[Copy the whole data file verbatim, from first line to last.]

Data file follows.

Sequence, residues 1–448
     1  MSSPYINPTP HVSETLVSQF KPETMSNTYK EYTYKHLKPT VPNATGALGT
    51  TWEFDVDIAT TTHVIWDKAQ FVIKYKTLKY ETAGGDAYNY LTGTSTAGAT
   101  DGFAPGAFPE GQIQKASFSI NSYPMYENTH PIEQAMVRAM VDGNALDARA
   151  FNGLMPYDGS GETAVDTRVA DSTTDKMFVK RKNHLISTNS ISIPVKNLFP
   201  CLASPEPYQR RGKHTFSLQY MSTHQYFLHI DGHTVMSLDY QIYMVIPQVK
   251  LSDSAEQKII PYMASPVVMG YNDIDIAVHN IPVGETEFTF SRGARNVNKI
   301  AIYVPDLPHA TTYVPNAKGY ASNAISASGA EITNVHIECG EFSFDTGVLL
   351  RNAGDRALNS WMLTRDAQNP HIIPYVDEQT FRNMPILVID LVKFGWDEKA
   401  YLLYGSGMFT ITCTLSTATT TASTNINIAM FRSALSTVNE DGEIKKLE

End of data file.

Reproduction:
Sequence, residues 1–448
     1  MSSPYINPTP HVSETLVSQF KPETMSNTYK EYTYKHLKPT VPNATGALGT
    51  TWEFDVDIAT TTHVIWDKAQ FVIKYKTLKY ETAGGDAYNY LTGTSTAGAT
   101  DGFAPGAFPE GQIQKASFSI NSYPMYENTH PIEQAMVRAM VDGNALDARA
   151  FNGLMPYDGS GETAVDTRVA DSTTDKMFVK RKNHLISTNS ISIPVKNLFP
   201  CLASPEPYQR RGKHTFSLQY MSTHQYFLHI DGHTVMSLDY QIYMVIPQVK
   251  LSDSAEQKII PYMASPVVMG YNDIDIAVHN IPVGETEFTF SRGARNVNKI
   301  AIYVPDLPHA TTYVPNAKGY ASNAISASGA EITNVHIECG EFSFDTGVLL
   351  RNAGDRALNS WMLTRDAQNP HIIPYVDEQT FRNMPILVID LVKFGWDEKA
   401  YLLYGSGMFT ITCTLSTATT TASTNINIAM FRSALSTVNE DGEIKKLE